The Story Of Great Maryland Wine In 2020

Posted: Feb 26, 2020

Winemaking in what became Maryland dates to 1648 via a Frenchman who worked with vinifera including a Muscat. However it was in 1823 that John Adlum wrote the first viticulture and winemaking book in the new USA based in great part from his experiences at Havre de Grace (now Swan Harbor) centered around the hybrid Catawba grape. According to 2012’s Maryland Wine (Arcadia Publishing, Regina McCarthy) Adlum had continuous contact with Thomas Jefferson, providing vine clippings the former president would use at his Monticello Virginia vineyard. McCarthy wrote that Maryland and the US overall owe a debt to noted journalist & editor Phillip Wagner who, as an outspoken anti-Prohibitionist during the early 1930s, with his wife Jocelyn smuggled Vidal cuttings from Cognac to the US. The Wagners later founded Boordy Vineyard influencing future California wine notables Robert Mondavi and Joe Heitz. Internationally-renowned consultant Lucie Morton befriended the Wagners and continues to help guide Boordy and many other mid-Atlantic wineries, viewing Maryland “as having a bright future.”

Photo: Robert Dedford, Jr. | Tom Burns and José Real 

Kevin Atticks returned to his native state publishing Discovering Maryland Wineries in 1999, later developing marketing and legislative initiatives upon assuming directorship of the Maryland Wineries Association in 2003, a role he continues to hold along side steering the state’s comparable organizations of beers and spirits under the banner Grow & Fortify. “In 2000 Maryland had 11 wineries, in 2003 that’d swelled to 15; today that totals 100," he confirmed. "Maryland’s odd shape gives us four distinct microclimates with Chardonnay doing well in nearly all areas. The Piedmont region northwest of Baltimore supports mostly Bordeaux varieties with a bit of Nebbiolo, Pinot noir, Chambourcin, Albariño, Grüner Veltliner.”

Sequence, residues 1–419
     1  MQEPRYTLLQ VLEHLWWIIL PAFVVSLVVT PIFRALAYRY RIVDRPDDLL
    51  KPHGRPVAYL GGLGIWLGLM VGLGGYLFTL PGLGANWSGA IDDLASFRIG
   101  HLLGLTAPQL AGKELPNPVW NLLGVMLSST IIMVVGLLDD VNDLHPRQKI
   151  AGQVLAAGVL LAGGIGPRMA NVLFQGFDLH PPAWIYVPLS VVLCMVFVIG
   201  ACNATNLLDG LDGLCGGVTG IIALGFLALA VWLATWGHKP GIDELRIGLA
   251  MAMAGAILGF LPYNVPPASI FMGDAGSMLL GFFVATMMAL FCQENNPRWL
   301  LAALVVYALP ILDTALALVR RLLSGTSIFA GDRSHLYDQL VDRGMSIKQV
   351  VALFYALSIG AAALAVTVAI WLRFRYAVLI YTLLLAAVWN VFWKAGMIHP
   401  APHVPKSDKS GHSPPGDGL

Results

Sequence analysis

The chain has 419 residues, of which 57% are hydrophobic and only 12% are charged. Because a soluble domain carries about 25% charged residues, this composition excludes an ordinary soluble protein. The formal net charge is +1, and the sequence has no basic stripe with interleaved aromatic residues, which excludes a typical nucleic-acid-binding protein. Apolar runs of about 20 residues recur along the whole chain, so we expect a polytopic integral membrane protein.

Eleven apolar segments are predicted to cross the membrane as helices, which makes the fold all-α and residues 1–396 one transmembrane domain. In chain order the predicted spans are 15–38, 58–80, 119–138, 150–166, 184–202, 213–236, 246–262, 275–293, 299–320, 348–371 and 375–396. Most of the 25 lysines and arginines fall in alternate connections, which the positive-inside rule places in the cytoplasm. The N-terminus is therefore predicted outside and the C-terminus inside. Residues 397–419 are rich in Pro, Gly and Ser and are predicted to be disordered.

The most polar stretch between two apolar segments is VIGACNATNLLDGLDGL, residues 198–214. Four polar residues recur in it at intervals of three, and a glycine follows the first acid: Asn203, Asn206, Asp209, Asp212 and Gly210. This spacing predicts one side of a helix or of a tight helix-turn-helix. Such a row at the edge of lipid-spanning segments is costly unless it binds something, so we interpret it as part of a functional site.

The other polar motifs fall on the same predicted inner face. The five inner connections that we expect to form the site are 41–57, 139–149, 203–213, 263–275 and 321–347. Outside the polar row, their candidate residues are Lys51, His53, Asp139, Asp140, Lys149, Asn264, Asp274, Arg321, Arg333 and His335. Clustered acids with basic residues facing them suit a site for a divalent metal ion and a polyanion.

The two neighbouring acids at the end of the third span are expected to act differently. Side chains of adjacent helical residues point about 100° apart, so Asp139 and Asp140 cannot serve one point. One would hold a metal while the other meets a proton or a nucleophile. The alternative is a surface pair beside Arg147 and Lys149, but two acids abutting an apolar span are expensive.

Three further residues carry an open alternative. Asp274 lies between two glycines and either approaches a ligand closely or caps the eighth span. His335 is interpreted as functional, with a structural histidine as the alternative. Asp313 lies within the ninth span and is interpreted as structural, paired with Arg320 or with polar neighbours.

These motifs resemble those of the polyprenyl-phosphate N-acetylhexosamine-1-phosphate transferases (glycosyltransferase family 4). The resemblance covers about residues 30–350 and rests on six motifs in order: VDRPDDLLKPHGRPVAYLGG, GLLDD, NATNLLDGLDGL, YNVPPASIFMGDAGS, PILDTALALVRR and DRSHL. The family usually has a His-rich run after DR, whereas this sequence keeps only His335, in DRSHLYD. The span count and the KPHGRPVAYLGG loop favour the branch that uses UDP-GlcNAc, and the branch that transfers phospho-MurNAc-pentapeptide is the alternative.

Rob Deford Jr.’s farmer family had been supplying the Wagners with grapes for years when Philip & Jocelyn sold them the Boordy brand. The Defords moved the operation and brand to its current site which he still oversees with his wife Julie and son Phineas. “My motivation in 1978 was to save my family farm, so in 1979 I went to UC-Davis returning in 1980 to take the reins.” Upon recommendations from foundational consultant Lucie Morton he began restructuring his vineyards in 2006, ending with winery's upgrade in 2013 to include pumpless winemaking. Tom Burns has been onsite overseeing winemaking since 1986 "when we were 18,000 gallons--we eventually peaked at 120,000,” now assisted by Spanish enologist José Real. Of Boordy’s three brands the Landmark is 100% Maryland fruit from the Catoctin AVA, with the Sweetland label dedicated to sweeter wines. Deford and son Phineas receive over 80,000 visitors annually, many of whom come to their summer farmers markets. Its Merlot Reserve 2016, buttressed with 8% Cabernet sauvignon and 5% Petit verdot, smells of cocoa with a big plummy entry on the palate with medium length finish. “Year in year out it makes a fruity, soft wine with distinctive spicy notes,” said Deford.

By David Furer
February 26, 2020

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